In 2007, Propstore opened its LA office, cementing its position as the world’s leading purveyor of entertainment memorabilia…

Success often creates new challenges. That was certainly the case with Propstore during the early years of the 21st Century. The big warehouse buy-out deals with Universal and 20th Century Fox during this time were hugely important for the company, but they made founder and CEO Stephen Lane all too aware of the limitations of his operation.

“When we bought the entire inventory of The Chronicles of Riddick from Universal, I shipped over four 40-foot shipping containers of stuff from America, and the freight bill to do that was huge,” he says. Furthermore, even when movie productions are based in the UK and Europe, they are more often than not controlled by a production company or distributor based in Los Angeles, while around 70 percent of Propstore’s market at that point was in North America. “So I was flying out there to make the deals, then back here to catalogue it, sort it out and sell it, then shipping it back to America again.” Keeping up the American side of the business and maintaining a rapport with American collectors and studios was proving both exhausting and expensive.

Serendipitously, it was around this time that Lane first met Brandon Alinger. Though younger than Stephen Lane (being born in 1983), Alinger was also a huge fan of the same movies. His love of Star Wars, Indiana Jones, Batman and Ghostbusters were first channeled into vintage toy collection, then making and buying replica props, until he eventually became fascinated by screen-used props and costumes.

Astonishingly, the Maryland-based Alinger founded his own forum dedicated to replica props (The Replica Prop Forum, or RPF) when he was only 12 years old, and on graduating from high school in 2001, convinced his parents to take a family trip to Tunisia to visit all the shooting sites for Raiders of the Lost Ark and the freshly-struck sets from Star Wars Episode II: Attack of the Clones.


A Picture from Brandon’s Star Wars Trip To Tunisa


“On that trip I picked up many different bits and pieces of set decoration that were just left there in the middle of the desert: pieces of the Krayt Dragon that Threepio walks past, and fibreglass pieces of the Flying Wing that blew up in Raiders,” recalls Alinger.I came back with two suitcases full of this gear and that inspired me to say: ‘okay I really want to collect this stuff.’ It just snowballed from there.”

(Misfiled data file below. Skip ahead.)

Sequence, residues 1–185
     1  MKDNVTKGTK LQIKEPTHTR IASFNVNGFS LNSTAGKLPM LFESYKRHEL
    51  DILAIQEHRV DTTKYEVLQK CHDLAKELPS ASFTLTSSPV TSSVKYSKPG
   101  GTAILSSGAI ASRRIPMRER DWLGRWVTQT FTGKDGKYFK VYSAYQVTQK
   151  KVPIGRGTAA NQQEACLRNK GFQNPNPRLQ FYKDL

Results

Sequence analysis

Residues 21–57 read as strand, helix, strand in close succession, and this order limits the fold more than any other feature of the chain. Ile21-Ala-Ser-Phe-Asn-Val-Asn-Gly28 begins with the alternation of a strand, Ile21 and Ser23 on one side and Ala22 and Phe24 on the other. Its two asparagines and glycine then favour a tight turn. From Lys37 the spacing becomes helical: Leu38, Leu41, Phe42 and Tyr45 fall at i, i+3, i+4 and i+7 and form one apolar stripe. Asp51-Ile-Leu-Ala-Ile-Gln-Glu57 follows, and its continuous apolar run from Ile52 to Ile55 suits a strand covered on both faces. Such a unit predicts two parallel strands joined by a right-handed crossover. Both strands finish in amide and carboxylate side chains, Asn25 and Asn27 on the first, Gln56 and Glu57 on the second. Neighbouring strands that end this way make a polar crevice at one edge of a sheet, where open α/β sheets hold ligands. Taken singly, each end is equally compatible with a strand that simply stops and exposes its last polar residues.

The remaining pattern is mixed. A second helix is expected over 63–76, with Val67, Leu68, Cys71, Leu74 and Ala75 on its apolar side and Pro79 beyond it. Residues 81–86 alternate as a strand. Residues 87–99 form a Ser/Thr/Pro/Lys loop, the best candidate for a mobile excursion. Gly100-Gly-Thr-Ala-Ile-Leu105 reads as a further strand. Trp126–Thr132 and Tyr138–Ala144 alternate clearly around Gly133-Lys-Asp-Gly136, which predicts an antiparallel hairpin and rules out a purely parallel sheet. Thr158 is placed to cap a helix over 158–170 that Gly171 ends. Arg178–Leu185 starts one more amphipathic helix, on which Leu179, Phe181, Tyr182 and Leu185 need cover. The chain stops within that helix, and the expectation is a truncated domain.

It was on a trip to the UK to pick up an original C-3PO lower leg and foot Brandon first met Stephen, and the two stayed in touch while Brandon studied Economics and Film Production at college in the States. Then in 2005, with mutual friend and former Propstore employee Andy Goulding, the pair travelled to Finse, a mountain village in Norway, where the Hoth scenes of The Empire Strikes Back were filmed. Though they returned from the snowy shooting sites empty handed, the trip had proven to be what Alinger calls “a bonding experience”. So much so, that on graduating college the next year, he pitched himself to Lane as a new Propstore employee. “We actually went through a whole process of getting me a work permit to move to the UK,” says Brandon, “but at the 11th hour we regrouped on it and said: ‘does this make sense, or is the opportunity more in Los Angeles?’”


Stephen, Andy Goudling and Brandon on the set of ‘Hoth’ in Norway


In April 2007, after spending six weeks at Chenies to learn the ropes, the 23-year-old Alinger returned to his home in Maryland, packed all this worldly belongings into a U-Haul and drove over 2,000 miles to Los Angeles to set up as Propstore’s Chief Operations Officer there. “Brandon found himself a small, one-bedroom apartment and we rented a facility in Canoga Park that was 996 square feet in total,” says Lane. “That was the first Propstore LA.”